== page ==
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ISHS Acta Horticulturae 704: X International Workshop on Fire Blight

DIFFERENTIAL SUSCEPTIBILITY TO FIRE BLIGHT IN COMMERCIAL AND EXPERIMENTAL APPLE ROOTSTOCK CULTIVARS

Authors:   G. Fazio, H.S Aldwinckle, R.P. McQuinn, T.L. Robinson
Keywords:   breeding, resistance, Erwinia amylovora
DOI:   10.17660/ActaHortic.2006.704.83
Abstract:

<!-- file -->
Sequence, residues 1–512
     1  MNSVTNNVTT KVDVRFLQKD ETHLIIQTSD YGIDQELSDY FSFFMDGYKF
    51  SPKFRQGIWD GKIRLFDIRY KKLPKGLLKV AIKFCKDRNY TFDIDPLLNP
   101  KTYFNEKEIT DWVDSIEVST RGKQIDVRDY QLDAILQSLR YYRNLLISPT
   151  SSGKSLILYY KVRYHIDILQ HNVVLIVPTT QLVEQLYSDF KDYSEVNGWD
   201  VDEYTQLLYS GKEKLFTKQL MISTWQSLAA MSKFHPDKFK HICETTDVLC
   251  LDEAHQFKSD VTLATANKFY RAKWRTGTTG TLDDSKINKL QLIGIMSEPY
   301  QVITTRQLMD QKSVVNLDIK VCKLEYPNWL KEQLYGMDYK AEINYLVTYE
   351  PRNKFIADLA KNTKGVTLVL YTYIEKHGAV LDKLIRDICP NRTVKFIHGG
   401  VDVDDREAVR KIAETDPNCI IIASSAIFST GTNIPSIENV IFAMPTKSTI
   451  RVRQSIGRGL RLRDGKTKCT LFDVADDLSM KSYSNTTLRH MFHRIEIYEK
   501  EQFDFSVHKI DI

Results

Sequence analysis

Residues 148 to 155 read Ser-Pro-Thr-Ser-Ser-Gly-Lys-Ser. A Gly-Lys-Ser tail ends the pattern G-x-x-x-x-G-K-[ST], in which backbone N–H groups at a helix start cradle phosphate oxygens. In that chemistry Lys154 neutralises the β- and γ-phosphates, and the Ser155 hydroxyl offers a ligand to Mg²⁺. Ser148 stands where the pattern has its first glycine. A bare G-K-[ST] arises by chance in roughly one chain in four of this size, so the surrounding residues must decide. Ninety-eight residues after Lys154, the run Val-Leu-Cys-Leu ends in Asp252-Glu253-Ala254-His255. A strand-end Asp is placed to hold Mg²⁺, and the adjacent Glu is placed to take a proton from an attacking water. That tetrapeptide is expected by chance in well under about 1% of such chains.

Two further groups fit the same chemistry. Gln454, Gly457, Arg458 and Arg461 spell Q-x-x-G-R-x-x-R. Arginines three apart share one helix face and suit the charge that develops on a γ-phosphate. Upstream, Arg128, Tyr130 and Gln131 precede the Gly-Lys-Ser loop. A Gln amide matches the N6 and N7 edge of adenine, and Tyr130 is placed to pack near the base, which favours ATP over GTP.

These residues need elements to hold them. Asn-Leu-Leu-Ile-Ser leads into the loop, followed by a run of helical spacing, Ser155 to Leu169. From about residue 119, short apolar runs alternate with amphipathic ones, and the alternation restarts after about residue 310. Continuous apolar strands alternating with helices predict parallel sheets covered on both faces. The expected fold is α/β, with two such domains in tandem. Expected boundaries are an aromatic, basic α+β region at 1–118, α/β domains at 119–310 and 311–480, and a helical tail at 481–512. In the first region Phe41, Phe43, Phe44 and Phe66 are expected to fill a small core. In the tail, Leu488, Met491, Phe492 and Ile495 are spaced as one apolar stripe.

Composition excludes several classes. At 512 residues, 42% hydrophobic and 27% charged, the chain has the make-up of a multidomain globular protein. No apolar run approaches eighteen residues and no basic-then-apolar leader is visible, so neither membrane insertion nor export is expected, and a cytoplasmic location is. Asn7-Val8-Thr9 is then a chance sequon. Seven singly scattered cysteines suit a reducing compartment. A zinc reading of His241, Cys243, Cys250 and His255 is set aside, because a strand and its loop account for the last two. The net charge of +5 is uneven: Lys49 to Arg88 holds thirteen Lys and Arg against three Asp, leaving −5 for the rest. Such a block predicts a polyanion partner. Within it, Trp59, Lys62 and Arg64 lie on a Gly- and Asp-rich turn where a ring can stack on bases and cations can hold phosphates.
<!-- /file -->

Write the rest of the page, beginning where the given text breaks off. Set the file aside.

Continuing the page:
The Geneva rootstock breeding program has developed several new rootstocks that exhibit disease resistance to Erwinia amylovora. Utilization of disease resistant apple rootstocks increases the survivability of young trees infected by fire blight. The goal of this experiment was to further investigate the possibility of differential susceptibility of numerous commercial and experimental apple rootstock varieties to four diversely virulent strains of E. amylovora (E2002a, E4001a, E2017, and Ea273). Ungrafted potted rootstock liners were inoculated with the bacteria and the resultant necrotic lesions were used as an indication of susceptibility. Results showed that the E. amylovora strain E2002a was the most aggressive, followed by E4001a. E2017a and Ea273 were similar and less aggressive. The six rootstocks with greatest severity of infection in descending order were ‘MM.106’, ‘Supporter 4’, ‘M.9’, ‘M.26’, ‘B.118’, and ‘B.9’. In this experiment B.9 had less severe infection than ‘M.9’ and ‘M.26’, in contrast with a previous experiment by Norelli et al. (2000). Most selections from the Geneva breeding program had little infection by strains E2017 and Ea273 and moderate infection by strains E2002a and E4001a. Most screenings for fire blight resistance in the seedling progenies of the Geneva® rootstocks employed only strain Ea273. ‘Geneva® 3041’, ‘7707’, and ‘5179’ and ‘Geneva®16’, had least severe infections. Significant rootstock by strain interactions were identified through mixed models analysis. We are utilizing this information to breed for durable rootstock resistance to fire blight. However, since it is known that a limited number of apple rootstock genotypes react significantly differently to E. amylovora infection as ungrafted potted liners and as rootstocks of flowering orchard trees, the results reported here must be extrapolated to performance in the field with caution.
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